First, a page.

The Wheel Deal, Bike Production and Taxes.

Discussion in 'General Discussion / News / Information' started by Ian Bungy, Sep 11, 2012.

  1. Ian Bungy

    Ian Bungy Ol'Timer

    This article I read in the Bangkok Post today. Looks interesting and explains the Big Bike Tax a bit Clearer. Zero Tax in 2017 if We can believe it? Sounds Great though doesn't it!
    "The declining import tax on big bikes. Currently at 27%, the rate will decrease by 5 points each year until 2017 when it will be zero".
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  3. schackster

    schackster Ol'Timer

    Ill believe it when I see it
  4. TonyBKK

    TonyBKK Ol'Timer

    FYI, the declining import tax that the Honda rep is talking about is the result of the Free Trade Agreement between Thailand and Japan ( and therefore only applies to goods made in and imported from Japan. So far the appreciation of the Japanese Yen has for all intents and purposes cancelled out any "savings" we might have hoped to see from the reduction in import tax.
  5. yankee99

    yankee99 Ol'Timer

    27% is better then nothing. I dont think this will help too much as bikes are twice as much here. I assume they will not lower the excise or vat tax.....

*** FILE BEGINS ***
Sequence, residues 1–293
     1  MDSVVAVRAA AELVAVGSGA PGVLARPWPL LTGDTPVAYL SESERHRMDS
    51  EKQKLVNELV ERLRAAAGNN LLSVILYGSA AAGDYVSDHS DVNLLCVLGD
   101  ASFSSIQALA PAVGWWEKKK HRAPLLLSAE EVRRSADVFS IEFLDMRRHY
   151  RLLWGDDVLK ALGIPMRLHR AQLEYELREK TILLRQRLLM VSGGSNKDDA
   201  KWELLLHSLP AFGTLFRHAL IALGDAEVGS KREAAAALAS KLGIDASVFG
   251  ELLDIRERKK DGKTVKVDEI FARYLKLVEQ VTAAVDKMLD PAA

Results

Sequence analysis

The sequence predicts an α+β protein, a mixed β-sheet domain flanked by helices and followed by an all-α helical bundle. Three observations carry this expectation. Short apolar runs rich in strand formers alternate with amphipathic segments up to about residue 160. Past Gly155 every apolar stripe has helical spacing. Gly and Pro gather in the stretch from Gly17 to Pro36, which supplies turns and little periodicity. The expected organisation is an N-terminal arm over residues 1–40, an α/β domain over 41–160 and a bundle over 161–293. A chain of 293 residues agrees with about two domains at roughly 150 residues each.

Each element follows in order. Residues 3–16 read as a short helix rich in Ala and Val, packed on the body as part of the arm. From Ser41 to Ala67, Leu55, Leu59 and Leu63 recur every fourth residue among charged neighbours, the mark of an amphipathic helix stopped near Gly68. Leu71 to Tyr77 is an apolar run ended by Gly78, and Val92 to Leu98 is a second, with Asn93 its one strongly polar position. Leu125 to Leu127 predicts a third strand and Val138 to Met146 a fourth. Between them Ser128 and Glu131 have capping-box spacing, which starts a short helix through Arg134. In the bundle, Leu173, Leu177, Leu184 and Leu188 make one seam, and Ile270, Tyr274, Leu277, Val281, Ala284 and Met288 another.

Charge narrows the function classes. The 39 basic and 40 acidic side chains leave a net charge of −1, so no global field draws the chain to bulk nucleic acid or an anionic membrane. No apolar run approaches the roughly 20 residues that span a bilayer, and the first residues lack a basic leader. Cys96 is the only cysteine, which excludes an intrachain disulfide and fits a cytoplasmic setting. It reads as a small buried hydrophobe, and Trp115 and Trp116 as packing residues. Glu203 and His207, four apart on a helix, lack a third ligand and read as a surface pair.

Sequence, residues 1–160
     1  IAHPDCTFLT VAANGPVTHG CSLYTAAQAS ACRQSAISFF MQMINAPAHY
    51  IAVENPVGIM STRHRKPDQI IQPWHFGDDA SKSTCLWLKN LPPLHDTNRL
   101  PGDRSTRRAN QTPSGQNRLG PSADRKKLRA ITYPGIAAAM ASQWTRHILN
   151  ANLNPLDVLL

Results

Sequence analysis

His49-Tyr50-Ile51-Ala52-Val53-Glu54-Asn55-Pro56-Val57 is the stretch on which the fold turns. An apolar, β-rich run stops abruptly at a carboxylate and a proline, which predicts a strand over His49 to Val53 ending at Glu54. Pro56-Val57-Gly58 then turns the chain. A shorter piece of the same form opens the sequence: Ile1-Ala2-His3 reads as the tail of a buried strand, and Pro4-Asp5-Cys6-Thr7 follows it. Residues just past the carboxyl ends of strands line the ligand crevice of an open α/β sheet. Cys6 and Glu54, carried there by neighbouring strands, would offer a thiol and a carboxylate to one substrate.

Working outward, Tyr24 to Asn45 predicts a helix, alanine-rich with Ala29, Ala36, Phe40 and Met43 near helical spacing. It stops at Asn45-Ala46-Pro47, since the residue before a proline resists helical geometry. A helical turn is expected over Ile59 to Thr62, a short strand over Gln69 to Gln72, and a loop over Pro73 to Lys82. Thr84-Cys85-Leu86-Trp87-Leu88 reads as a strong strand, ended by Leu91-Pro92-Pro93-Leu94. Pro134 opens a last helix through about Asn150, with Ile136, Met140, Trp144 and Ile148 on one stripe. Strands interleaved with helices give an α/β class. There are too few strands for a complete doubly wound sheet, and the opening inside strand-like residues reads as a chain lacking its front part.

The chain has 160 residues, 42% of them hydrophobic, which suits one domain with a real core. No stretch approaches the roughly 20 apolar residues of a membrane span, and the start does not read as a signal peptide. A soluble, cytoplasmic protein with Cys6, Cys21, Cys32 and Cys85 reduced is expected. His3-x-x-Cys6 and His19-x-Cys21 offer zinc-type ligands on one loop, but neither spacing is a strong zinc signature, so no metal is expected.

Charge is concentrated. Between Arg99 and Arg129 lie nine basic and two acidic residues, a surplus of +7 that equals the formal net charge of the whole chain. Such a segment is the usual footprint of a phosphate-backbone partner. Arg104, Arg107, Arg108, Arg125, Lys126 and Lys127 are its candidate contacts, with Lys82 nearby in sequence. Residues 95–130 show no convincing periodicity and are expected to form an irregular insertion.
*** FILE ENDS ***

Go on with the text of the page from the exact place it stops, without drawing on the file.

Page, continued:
6. Hoghead

    Hoghead Ol'Timer

    I would love to be proved wrong but after inflation, Distributor greed, and marketing as a status item, I suspect that we will be living for obscene pricing for some time to come.
  7. TonyBKK

    TonyBKK Ol'Timer

    Yes and no. Seems to vary a lot from one brand to the next.

    The Thai manufactured Ducatis are a LOT cheaper than the ones imported from Italy. Thai Ducati Diavel is a full 400k baht less than the Italian-made Diavel for example.

    Kawasaki's imported bikes are quite reasonably priced, compared to the competition anyway. The Kawasaki Z1000 is made in Japan and at 550k Baht is by far the cheapest 1000cc bike in Thailand. The Kawasaki Vulcan is WAY cheaper than any of the other cruiser style bikes available in Thailand. Actually, I think Triumph and HD are the only brands other than Kawasaki that even offers "cruiser" style bikes in Thailand and we all know how expensive HD and Triumph are in Thailand.

    Honda, Yamaha and Suzuki make cruisers but choose not to sell them in Thailand...

    Triumph, even though they manufacture the twins right here in Thailand, continue to charge outrageous prices, simply because they can...

    Still, in the grand scheme of things it's an exciting time to be a biker in Thailand- the choices of brands and models continues to increase and there's a bike for pretty much any budget these days and the grey market importers are still filling the holes that the official dealers neglect.

    I'd prefer to look the Thai bike scene as a "glass half full" rather than a "glass half empty", but that's just me :)


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